The thing about letting out the crazy dreams during brainstorming is that sometimes we realize they might not be so crazy after all. Not if we can figure out how to build a series of baby steps to reach them.

Nailing it Down

You can’t do it all.

Thinking you can will lead to failure. Sure, it might give you a false sense of accomplishment for a few weeks or months.

Then the stress will blindside you. And the urge to pack up your pencils and bury yourself beneath the covers will rear up.

This is why I have limited myself to ONE goal in each of the four areas of my life. (These areas are spiritual, physical, relational and career.)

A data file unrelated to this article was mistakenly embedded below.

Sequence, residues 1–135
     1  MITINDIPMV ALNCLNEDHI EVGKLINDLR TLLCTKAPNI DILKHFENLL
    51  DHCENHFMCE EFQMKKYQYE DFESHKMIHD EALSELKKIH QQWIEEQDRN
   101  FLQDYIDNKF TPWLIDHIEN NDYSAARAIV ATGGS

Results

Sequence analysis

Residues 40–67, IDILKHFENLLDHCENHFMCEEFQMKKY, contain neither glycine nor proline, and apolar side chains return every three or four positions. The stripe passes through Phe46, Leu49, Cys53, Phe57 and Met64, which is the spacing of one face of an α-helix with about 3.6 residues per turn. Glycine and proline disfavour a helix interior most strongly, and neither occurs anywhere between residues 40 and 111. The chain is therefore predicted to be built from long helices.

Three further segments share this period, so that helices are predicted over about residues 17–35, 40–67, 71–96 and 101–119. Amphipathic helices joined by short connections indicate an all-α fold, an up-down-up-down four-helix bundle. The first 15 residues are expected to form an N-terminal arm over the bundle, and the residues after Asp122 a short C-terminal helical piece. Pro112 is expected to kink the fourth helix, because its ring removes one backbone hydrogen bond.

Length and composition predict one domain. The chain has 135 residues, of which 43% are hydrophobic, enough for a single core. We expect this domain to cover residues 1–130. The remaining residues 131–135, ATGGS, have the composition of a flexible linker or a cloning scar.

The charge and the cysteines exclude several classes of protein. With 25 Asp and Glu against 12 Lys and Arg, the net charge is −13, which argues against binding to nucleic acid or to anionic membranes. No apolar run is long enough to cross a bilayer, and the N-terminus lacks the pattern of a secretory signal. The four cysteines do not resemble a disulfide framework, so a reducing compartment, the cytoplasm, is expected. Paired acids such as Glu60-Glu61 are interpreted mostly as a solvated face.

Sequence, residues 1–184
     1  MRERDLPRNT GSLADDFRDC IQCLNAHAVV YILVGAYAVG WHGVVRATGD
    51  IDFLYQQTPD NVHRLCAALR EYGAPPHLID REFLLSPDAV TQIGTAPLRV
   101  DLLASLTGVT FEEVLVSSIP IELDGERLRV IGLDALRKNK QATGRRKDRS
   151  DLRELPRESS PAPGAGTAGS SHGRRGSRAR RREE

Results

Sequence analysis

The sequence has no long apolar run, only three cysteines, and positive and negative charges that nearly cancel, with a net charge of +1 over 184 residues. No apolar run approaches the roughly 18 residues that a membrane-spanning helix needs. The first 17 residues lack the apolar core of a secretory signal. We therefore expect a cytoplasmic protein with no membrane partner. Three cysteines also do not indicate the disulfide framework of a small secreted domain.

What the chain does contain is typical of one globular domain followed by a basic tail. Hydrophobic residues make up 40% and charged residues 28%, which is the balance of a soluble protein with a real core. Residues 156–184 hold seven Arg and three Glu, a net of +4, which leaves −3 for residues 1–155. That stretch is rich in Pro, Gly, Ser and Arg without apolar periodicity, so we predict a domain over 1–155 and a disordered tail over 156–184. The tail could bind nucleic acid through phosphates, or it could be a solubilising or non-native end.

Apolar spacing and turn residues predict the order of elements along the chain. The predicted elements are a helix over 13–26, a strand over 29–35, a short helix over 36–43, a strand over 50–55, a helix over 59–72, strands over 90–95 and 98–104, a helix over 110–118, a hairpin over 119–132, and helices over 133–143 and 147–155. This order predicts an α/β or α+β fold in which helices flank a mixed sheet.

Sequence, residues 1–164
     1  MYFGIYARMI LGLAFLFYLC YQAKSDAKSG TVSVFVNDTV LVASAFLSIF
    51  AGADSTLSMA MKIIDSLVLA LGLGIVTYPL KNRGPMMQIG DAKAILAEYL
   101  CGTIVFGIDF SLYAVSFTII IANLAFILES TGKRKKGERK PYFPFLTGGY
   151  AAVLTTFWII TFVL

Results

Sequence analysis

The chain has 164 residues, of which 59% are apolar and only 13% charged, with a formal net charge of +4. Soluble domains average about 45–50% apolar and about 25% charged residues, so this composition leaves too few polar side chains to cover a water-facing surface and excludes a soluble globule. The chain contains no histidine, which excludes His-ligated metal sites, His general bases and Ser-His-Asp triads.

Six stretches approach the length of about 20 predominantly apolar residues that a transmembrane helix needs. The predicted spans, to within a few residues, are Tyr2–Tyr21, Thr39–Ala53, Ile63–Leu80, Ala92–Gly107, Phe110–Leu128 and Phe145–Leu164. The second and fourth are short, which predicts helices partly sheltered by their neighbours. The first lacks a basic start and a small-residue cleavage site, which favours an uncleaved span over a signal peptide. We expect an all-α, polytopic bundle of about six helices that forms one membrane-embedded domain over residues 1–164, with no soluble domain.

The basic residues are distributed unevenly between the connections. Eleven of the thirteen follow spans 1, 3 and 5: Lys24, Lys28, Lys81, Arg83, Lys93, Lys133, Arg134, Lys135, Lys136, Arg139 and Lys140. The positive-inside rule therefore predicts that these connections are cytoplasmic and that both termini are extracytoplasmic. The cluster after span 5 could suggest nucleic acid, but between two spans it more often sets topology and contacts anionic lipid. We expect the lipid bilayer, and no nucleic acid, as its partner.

If I set the goal too low, I can always add another goal once the first is reached. But I’ll be able to check off a box.

“I reached that goal this year.”

It feels great to make that mark.

The important thing about your goals is to make them specific.

For example, my career goal is not “sign a publishing contract.” That’s pretty broad.

Instead, it looks like this:

Sign a contract for ELEPHANT IN THE TEAROOM with a major publishing house

If I sell the book to a small press, I won’t have reached this goal. Of course, I might decide that’s a fair compromise and don’t need to consider that a failure.

But setting a specific goal will make me work furiously on the rewrites and edits for this manuscript so I can start querying agencies in February or March. Because it will take six to nine months to get a response once they ask for the full manuscript.